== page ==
The top of the table presents US imports and exports in billions of dollars. Nominal GDP, also in the table, went from about $6 trillion in 1990 to almost $19 trillion in 2016. Some of that increase is because of price increases – with the rest from quantities. But GDP is not the point today – though it gives you a benchmark as to how much the size of the overall economy changed over those 52 years. Goods exports went from $403 billion in 1990 to almost $1.5 trillion in 2016. Imports increased too – from $508 billion to about $2.2 trillion. The net imports (imports minus exports) was $105 billion in 1990 and increased to $778 billion in 2016.

If I stopped right now many of you would have an aha moment. What you would see is the following post-globalization experience: US imports of goods outran our exports of goods and the trade deficit in goods increased dramatically. There are no smoke or mirrors here. This is the kind of information that supports the popular idea that globalization has not been good for the US and that there might be unfairness working against us – be it so-called free trade agreements or cheating or whatever.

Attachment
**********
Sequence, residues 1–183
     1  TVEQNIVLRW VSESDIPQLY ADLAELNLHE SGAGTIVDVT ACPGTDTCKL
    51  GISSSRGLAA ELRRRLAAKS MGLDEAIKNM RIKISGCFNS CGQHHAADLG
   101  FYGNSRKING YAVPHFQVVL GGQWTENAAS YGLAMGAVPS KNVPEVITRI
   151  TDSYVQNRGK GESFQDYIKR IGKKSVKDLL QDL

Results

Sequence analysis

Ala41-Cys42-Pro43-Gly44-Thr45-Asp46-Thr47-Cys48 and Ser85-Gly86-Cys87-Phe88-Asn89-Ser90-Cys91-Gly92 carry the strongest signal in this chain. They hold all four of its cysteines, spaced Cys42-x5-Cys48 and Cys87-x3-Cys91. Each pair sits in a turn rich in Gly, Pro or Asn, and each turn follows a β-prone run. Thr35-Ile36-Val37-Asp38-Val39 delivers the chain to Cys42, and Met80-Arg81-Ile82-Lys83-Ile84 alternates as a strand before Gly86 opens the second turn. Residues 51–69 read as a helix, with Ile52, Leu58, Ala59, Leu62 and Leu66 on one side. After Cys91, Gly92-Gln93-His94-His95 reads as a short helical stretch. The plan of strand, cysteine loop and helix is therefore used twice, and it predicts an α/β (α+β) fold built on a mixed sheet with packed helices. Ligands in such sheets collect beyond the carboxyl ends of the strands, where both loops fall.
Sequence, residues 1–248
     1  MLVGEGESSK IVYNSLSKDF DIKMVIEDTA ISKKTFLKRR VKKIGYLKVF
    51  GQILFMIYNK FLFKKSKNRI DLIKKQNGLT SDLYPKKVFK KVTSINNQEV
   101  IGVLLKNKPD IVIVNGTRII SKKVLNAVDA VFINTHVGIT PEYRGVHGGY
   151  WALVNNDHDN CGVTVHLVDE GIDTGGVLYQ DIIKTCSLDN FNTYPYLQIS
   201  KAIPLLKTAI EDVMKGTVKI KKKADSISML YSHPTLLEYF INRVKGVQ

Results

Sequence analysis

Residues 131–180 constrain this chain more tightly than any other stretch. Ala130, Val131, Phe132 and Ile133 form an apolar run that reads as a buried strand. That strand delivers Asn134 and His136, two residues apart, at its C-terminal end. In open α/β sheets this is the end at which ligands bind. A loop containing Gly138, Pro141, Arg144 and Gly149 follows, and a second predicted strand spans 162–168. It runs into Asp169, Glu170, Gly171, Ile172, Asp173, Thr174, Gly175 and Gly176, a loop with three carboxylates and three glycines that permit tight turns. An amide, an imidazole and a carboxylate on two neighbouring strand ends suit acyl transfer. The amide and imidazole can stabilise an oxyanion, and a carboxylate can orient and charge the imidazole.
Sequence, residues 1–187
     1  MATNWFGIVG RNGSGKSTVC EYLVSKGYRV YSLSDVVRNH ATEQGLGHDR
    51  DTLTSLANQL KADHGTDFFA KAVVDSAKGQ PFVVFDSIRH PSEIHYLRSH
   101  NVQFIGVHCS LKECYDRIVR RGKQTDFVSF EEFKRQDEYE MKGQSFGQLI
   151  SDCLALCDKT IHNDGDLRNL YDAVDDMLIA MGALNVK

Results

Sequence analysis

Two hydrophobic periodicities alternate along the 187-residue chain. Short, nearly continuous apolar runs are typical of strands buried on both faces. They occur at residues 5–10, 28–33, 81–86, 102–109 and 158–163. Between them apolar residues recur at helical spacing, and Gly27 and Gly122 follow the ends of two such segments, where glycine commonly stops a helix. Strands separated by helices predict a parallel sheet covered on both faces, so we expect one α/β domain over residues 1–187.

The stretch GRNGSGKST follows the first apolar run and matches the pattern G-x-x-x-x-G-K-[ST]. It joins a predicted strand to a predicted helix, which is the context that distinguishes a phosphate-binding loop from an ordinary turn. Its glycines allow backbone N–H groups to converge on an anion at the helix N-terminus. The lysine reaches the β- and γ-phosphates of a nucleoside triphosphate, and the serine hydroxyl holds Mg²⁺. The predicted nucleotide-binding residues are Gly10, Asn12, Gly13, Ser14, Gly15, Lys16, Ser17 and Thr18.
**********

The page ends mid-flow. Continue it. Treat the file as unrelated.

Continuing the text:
But let’s not stop there. In the second part of the chart we display trade in goods as a percent of GDP. In 1964 goods exports were 3.9% of GDP. By 2016 goods exports accounted for twice the share of the economy at 7.8%. But notice that the pre-globalization gain of 2.8 percentage points (from 3.9% to 6.7% of GDP) compared to the 1.1 percentage point gain in the post-globalization years. That is, exports gained as a share of the economy much more before- compared to after-globalization. What about imports? Imports of goods increased 2.7 points before globalization and then 3.4 points post-globalization.

It is true that imports of goods picked up its pace after globalization while exports did the opposite. But notice also that much of those changes came in the 13 years after 1990. During the time from 1990 to 2003, exports fell as a share of GDP while imports rose dramatically. But then in the most recent 13 years we see that reversing as the share of exports increased at more that twice the pace of goods imports.

What can we say?

First, goods trade – both exports and imports were rising as a share of the economy for 52 years – both before and after globalization began accelerating in 1990.

Second, when we compare the data before 1990 with what happened afterward you can see much bigger increases in imports of goods relative to exports.

Third, if we look closer at the data since 1990 we see that most of the advantage of imported goods peaked by 2003 and has reversed since.